Published: April 16, 2013 by the Central Office
EDITORS' NOTE: This is the first of several articles that will be submitted between now and July regarding gypsy moth in Wisconsin. Each highlights a different strategy for managing gypsy moth populations at certain times of year. All of these strategies are effective and some readers may find one more useful than the rest for their situation. Please consider sharing information from all of these releases with your audiences.
MADISON - As spring approaches, state forestry officials urge homeowners to look for signs of gypsy moths. From late April (southern Wisconsin) through May (northern Wisconsin), a new generation of gypsy moth caterpillars will hatch.
"At high numbers, gypsy moth caterpillars are a tremendous nuisance and strip trees of their leaves, which puts the tree's health at risk," says Bill McNee, a forest health specialist with the Department of Natural Resources in Plymouth. "The insect's favorite food is oak leaves, but it will feed on many other tree species such as birch, crabapple, aspen and willow," said McNee.
Gypsy moth populations are potentially damaging this year in Bayfield, Marinette and Iowa Counties and a few southeast counties. Individual trees elsewhere may have high populations. Everyone should be on the look-out for gypsy moth because now is the time to act.
Gypsy moth egg mass.
"As soon as possible in April, search for the tan-colored egg masses and destroy any within reach," McNee says. Egg masses are about the size of a quarter and are often teardrop shaped.
They can be found on any outdoor surface including trees, houses, firewood piles, play- sets, and other objects. Before mid-April, oil the egg masses with a horticultural dormant oil labeled for gypsy moth, such as Golden Pest Spray Oil. Avoid using motor oil or axle grease, which can harm the tree. If property owners prefer, they can scrape the masses into a can and drown them in soapy water for at least two days to kill the eggs.
"Do NOT scrape the egg masses onto the ground, step on them, or break them apart. Many of the eggs will still survive and hatch," McNee cautions. "You will have 500 to 1,000 fewer caterpillars for every egg mass you properly oil before mid-April or drown before hatch."
After oiling or removing all of the egg masses within reach, people can place sticky barrier bands on trees.
"These bands will prevent crawling caterpillars from climbing into your trees," says Mark Guthmiller, DNR forest health specialist in Fitchburg. At a convenient height, wrap a belt of duct tape 4-6 inches wide around each tree trunk, shiny side out. Smear the center of the band with a sticky, horticultural pest barrier available at garden centers. "Routinely sweep the caterpillars gathered under the band from the tree into a bucket of soapy water to kill them," says Guthmiller.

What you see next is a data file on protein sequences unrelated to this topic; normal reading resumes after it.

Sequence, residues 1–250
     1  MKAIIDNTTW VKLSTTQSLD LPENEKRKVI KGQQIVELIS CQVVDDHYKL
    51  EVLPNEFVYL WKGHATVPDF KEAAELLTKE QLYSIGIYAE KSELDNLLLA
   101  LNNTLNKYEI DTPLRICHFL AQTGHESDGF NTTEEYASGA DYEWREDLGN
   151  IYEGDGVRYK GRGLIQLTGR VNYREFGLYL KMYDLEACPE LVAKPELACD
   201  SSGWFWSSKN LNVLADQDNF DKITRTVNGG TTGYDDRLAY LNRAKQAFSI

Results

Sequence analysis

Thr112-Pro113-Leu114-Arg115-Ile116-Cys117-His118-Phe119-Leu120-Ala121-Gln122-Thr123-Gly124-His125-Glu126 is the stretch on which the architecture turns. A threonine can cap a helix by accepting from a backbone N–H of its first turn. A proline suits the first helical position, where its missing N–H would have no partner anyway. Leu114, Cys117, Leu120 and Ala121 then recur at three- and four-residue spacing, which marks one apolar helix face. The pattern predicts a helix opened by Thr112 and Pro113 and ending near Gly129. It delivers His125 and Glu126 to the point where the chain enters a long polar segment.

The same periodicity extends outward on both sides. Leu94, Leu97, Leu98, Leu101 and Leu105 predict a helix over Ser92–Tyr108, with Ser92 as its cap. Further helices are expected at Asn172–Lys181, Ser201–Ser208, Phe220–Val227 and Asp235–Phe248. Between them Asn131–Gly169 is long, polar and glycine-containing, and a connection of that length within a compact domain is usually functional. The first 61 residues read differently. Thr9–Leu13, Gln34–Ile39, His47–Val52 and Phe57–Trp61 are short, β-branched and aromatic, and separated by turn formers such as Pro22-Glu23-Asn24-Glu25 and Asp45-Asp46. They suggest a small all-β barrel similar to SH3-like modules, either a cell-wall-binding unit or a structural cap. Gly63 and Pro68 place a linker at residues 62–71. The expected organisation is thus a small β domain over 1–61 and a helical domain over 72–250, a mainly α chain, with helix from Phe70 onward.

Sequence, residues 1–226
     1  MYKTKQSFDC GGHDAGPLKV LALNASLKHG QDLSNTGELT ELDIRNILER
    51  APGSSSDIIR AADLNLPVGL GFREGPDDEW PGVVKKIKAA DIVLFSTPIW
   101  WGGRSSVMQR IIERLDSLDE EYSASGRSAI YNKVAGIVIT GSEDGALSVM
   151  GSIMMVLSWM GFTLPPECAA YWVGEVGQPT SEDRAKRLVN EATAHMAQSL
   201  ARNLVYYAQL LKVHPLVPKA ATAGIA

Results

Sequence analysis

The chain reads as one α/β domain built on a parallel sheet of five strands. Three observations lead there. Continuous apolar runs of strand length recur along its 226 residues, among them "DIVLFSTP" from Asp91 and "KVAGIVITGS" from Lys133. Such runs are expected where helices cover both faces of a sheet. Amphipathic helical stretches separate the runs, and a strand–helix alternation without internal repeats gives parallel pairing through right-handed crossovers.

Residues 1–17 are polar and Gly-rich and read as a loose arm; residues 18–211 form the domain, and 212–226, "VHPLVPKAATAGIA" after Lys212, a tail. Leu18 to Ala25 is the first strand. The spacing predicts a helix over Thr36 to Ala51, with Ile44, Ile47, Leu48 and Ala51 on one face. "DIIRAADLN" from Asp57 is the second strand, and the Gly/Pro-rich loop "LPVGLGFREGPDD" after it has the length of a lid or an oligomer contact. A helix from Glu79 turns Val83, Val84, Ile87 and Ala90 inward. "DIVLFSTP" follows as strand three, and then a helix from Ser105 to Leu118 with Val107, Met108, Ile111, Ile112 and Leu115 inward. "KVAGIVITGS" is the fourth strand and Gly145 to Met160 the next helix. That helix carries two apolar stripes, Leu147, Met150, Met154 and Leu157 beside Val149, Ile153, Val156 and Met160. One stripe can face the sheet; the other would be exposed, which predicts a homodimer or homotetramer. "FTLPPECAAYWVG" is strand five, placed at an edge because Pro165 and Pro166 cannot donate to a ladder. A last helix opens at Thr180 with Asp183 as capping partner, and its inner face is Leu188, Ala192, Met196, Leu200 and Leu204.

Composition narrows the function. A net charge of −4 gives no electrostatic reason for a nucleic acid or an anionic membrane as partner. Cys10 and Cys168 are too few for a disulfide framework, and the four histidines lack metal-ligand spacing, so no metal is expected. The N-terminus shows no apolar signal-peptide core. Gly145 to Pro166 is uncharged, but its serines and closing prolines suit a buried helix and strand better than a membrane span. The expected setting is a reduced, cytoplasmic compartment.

Sticky barrier bands on trees prevent caterpillars from climbing trees.
After the caterpillars hatch, insecticides can be used to kill them. Insecticides with the active ingredient Bacillus thuringiensis var. kurstaki (Btk) are effective when sprayed on the leaves that small gypsy moth caterpillars eat. Btk is relatively non-toxic and does not persist in the environment. You can spray the leaves of small trees yourself or hire a certified arborist to do a ground-based spray for you. Insecticide treatments are most effective when done in May and early June.
"Spray while the caterpillars are small. If Btk is used, they will die when they eat treated leaves, so they don't become a nuisance or strip all the tree's leaves," McNee says. "Arborists are busy in the spring, so determine whether this is an option for you and then make arrangements soon."
You can find certified arborists in your area by searching the Wisconsin Arborist Association Web site at [www.waa-isa.org] (exit DNR). Also look in the phone book under "tree service."
Aerial spraying may be an option for property owners with gypsy moth across many wooded acres. For more information on this and other gypsy moth details, visit gypsymoth.wi.gov (exit DNR).
FOR MORE INFORMATION CONTACT: DNR forest health specialists: Bill McNee, southeast Wisconsin, 920-360-0942; Mark Guthmiller, south-central Wisconsin, 608-275-3223; Brian Schwingle, northern Wisconsin, 715-536-0889.